Binger Hermann


John Muir and Warren Olney


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The only loiters favoring the sheep come from Mr. L. J. Miller He ears that sheep-grazing has no serious effect "upon the water flow in any way. but has a tendency to prolong the water flow, as the snow rests longer upon clean ground than upon ground encumbered with brush". He says that sheep men are willing to pay as high as five dollars per season for eaoh 640-aere government tract, and that the public interests would be best served loy permitting sheep to enter the reserve, and argues generally in favor of allowing limited pasturage within the reservation.In view of all the facts as presented to this office, superintendent Newhall was advised, by letter of February 13, 1899, that no modification of the existing regulations would be made and that the sheep must be excluded from tho reserve.Very respect fully,Blnger Hermann,Commissioner.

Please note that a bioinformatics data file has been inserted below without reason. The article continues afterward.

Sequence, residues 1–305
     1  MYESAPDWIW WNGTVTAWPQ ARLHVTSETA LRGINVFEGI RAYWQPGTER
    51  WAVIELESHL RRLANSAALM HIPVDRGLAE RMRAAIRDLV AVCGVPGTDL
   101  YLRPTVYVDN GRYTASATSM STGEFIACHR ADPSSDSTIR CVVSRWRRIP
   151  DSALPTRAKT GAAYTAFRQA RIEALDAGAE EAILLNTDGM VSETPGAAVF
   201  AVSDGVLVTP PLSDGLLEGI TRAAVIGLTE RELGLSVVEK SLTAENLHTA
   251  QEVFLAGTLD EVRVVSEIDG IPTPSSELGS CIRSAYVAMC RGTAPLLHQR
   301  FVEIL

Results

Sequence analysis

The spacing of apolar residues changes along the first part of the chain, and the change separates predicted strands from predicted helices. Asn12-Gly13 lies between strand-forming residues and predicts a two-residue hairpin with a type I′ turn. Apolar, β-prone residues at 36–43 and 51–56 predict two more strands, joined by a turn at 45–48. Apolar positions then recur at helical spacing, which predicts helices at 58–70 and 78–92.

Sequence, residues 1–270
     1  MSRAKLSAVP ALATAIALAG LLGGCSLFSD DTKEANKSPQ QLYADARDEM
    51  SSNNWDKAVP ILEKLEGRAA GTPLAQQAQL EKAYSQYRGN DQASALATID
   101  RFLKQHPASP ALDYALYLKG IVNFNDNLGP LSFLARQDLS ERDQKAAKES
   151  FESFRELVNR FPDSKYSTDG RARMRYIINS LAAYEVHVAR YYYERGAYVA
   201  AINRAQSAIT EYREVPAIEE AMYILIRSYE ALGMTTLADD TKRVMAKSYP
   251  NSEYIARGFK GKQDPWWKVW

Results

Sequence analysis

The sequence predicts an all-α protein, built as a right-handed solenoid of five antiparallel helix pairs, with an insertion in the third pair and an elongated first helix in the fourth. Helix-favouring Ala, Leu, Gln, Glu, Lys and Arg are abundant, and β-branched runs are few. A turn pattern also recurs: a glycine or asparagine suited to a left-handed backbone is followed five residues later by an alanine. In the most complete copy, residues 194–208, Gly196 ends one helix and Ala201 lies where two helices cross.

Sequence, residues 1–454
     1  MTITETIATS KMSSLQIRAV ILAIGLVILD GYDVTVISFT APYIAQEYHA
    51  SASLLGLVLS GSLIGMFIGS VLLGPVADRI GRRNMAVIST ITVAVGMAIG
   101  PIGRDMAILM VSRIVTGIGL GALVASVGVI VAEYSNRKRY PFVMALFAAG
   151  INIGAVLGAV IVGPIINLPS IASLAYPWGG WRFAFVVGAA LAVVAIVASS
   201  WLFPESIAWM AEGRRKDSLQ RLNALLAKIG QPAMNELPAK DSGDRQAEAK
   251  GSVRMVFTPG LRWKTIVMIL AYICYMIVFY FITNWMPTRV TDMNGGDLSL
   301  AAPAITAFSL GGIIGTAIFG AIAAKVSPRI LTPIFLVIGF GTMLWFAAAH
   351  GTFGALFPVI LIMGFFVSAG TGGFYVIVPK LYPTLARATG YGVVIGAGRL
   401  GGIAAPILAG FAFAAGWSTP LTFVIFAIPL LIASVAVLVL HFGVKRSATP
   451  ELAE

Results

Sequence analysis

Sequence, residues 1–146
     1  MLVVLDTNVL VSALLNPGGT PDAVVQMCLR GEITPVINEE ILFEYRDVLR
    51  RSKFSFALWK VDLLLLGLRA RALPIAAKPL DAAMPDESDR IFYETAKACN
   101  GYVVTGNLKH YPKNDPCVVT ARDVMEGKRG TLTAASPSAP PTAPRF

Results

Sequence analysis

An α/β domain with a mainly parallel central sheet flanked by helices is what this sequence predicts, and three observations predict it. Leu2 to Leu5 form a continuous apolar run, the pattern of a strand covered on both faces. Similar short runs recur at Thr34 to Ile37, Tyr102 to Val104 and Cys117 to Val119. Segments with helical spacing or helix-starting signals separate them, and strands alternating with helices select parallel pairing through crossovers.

Washington, D.C.

Date Original



Original letter dimensions: 27 x 20 cm.

Resource Identifier


File Identifier

Reel 10, Image 0695

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Owning Institution

University of the Pacific Library Holt-Atherton Special Collections. Please contact this institution directly to obtain copies of the images or permission to publish or use them beyond educational purposes.

Page Number

Page 2


John Muir, correspondence, letters, author, writing, naturalist, California, correspondent, mail, message, post, exchange of letters, missive, notes, epistle